Violinist and leader of the Irish Chamber Orchestra Katherine Hunka released her debut solo album Piazzolla, Schubert, Schnittke on 17 April and was due to tour Ireland, performing with the orchestra, when all concerts were cancelled in late March. ‘That was devastating,’ says Hunka, ‘that was really hard… I’ve got used to the cancellations now… but initially there was always hope that we would find a way.’
The ICO were planning concerts between 22 and 25 April in Ennis, Portlaoise, Sligo and Dublin.
The performances of the music … it’s like a celebration together that can’t happen. You can’t be delighted together… it’s very similar to having a birthday … but there’s no party. But I do think… even though it was absolutely devastating to hear that I wouldn’t be allowed out during this release time, it has been so much better than I thought it was going to be, just in terms of people giving it their attention and reviewers listening to it that never would have done before. That’s been a plus.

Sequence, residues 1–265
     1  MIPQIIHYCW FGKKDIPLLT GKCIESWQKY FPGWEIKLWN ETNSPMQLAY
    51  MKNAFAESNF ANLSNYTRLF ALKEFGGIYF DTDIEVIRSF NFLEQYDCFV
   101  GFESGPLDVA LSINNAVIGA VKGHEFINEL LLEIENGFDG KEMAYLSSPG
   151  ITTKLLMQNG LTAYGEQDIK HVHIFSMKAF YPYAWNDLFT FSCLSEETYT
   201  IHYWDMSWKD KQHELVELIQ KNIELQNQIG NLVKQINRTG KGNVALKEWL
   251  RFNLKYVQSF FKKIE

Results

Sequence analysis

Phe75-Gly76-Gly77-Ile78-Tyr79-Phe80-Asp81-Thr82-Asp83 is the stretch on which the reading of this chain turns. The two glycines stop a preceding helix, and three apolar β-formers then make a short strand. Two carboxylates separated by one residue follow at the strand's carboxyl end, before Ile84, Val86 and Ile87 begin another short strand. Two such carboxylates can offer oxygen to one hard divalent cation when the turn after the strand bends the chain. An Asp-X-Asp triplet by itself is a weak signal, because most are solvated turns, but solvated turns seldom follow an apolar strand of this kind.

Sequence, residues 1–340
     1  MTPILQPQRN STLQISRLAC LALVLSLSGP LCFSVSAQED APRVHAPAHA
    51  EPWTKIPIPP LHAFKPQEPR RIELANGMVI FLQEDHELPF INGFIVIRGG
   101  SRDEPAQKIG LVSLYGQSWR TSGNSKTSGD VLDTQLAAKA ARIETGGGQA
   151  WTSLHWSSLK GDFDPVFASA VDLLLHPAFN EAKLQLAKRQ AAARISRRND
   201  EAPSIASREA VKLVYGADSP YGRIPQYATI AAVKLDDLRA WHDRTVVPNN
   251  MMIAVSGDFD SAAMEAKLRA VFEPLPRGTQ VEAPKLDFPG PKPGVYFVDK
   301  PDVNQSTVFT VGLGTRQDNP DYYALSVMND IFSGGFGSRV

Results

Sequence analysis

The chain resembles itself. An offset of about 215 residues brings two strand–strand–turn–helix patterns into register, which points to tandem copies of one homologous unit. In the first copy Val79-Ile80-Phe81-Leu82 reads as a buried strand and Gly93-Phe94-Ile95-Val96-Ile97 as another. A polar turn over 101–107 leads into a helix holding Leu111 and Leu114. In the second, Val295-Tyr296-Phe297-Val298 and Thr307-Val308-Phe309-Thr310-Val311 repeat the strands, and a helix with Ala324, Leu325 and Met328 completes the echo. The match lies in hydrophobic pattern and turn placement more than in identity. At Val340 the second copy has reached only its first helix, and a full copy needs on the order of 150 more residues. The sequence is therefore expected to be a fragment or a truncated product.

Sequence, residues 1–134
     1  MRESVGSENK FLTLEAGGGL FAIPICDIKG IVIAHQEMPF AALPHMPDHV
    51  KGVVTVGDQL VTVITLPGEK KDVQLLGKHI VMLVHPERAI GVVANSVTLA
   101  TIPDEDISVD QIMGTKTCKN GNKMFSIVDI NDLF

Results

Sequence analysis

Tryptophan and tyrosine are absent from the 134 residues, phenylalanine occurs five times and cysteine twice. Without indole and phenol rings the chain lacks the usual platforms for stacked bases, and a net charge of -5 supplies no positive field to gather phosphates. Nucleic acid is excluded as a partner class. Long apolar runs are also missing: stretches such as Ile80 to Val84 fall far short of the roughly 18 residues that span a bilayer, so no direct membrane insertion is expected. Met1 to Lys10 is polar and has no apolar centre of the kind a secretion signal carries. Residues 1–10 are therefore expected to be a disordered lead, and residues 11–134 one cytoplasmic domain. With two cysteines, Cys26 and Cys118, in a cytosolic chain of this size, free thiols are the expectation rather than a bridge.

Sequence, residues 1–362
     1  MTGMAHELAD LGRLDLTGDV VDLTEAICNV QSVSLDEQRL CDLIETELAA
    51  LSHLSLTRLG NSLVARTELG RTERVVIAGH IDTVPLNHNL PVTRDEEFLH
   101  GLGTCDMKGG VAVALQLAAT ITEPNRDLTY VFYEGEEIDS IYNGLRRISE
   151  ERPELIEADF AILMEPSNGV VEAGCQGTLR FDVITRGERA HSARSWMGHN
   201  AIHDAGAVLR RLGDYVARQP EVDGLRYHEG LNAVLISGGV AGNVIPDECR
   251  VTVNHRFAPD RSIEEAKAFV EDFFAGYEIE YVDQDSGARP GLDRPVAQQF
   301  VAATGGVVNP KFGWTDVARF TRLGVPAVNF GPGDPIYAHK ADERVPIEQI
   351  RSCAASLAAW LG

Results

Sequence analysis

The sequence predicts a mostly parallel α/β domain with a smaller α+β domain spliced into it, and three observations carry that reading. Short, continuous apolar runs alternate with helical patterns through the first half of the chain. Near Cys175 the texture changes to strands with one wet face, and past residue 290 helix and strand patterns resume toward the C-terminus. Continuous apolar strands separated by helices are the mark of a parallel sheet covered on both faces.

Go for it
The experience of most of the artists illustrate that releasing new music during the pandemic is similar in some ways to how it has always been, in that they write and record, promote it online and release it digitally and often physically with vinyl or CD. The most significant difference is the inability to perform in front of live audiences, work with venues, interact with fans, and, ultimately, earn a living from gigging. For artists out there thinking of releasing new music though, it seems the advice is: go for it. We don’t know how things will develop, and, while the new social distancing measures are preventing live music from happening, music fans and musicians alike still want new music.